My biggest problem now is going to be getting someone to listen to me. Now one of the top neurological hospitals in the country has said they think my problems are psychogenic, I think it is unlikely that any other neurologist will look objectively at me. I am sure that if I go and say I think I may have PD, they will put it down to somatisation! Added to that, my past experiences of neurologists makes visits to them quite stressful and I find it difficult to act naturally when being examined. I get worried that I will get accused of wasting their time again! I am my own worst enermy. So I am not sure where I go from here. I have recently changed my GP as I was finding it difficult to make the journey to his surgery, I am hoping that my new one will take me more seriously and fight my corner.
Would it be worth me phoning the PDS helpline? Are they likely to be able to advise?
Posted - 04 Dec 2008 23:45
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Welcome to the forum. I'm really sorry to hear the problems you're having at the moment and my thoughts are with you. Your story sounds very similar to the terrible six years of hell i went through trying to get a diagnosis. Like you I went through several different consultants - psychiatrists,hand surgeon, rheumatologist, neurologists and finally a body movement specialist. My diagnosis ranged from an anxiety disorder, carpel tunnel syndrome(which i had a carpel tunnel release operation, obviously it failed) MS (my dear brother has MS so they thought i could too), CFS, Fibromyalgia, cerebellum pressing on the spinal cord, Lupus, MS again, anxiety disorder(told me symptoms caused by stress) Wilson's disease and finally Parkinson's disease.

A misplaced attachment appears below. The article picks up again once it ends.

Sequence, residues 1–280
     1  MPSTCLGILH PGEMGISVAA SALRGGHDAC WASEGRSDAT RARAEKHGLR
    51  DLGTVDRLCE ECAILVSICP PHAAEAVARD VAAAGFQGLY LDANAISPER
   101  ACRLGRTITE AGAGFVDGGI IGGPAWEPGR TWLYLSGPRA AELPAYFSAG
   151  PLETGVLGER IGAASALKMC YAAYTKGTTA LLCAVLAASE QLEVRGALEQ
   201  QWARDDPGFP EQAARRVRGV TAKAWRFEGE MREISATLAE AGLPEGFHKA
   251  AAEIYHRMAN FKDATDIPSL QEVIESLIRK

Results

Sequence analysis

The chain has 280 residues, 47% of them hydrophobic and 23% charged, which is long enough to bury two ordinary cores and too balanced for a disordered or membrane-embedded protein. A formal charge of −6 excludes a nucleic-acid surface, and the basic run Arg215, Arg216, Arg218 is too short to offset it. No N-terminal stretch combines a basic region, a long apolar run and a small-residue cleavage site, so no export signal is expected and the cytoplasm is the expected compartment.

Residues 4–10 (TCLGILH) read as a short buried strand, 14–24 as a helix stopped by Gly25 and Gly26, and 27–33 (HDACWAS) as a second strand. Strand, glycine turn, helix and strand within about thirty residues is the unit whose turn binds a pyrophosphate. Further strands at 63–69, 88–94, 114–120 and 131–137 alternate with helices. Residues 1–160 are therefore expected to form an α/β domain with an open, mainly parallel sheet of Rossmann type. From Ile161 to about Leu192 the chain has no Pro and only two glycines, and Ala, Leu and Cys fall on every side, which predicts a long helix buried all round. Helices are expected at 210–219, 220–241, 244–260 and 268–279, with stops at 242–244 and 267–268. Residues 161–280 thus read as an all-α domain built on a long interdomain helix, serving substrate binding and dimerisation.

I had several different tests similar to you but it was the resting tremor which finally completed the puzzle prompting the body movement specialist to request a Dat scan which shown i had less than 5% dopamine which suggested Parkinson's or something similar. I started medication and was referred to a physiotherapist who taught me to improve my walking and balance.
These are the tests i had to diagnose PD...
1. Repeated movement of finger to thumb which eventually slowed down and froze when observed for a minute or two.
2. Cog wheel rigidity - when moving limbs an uneven jerky movement can be felt which feels as though your arm is going over a cog wheel instead of smooth movement.
3. I was asked to draw a circle and write my name, because PD causes writing to become small and uneven.
4. Walk up and down the corridor, asking me to turn and walk again, taking note of the lack of arm swing and left leg dragging, foot failing to clear the ground causing me to trip up and at times fall.
I was told if it wasn't PD or a parkinsonism i wouldn't respond to treatment. Fortunately i responded to treatment. Unlike you i did have CBT which i did find of great benefit because i did in fact have an anxiety disorder created by the trauma of all of this. Anxiety is actually a symptom of PD along with depression due to the low dopamine levels affecting our mood and behaviour.
So hang on there Paul, it isn't all in your mind and hopefully pretty soon you'll have a diagnosis. Mean time i would definitely take up the other of CBT because i think you would benefit from it in the long run what ever your diagnosis.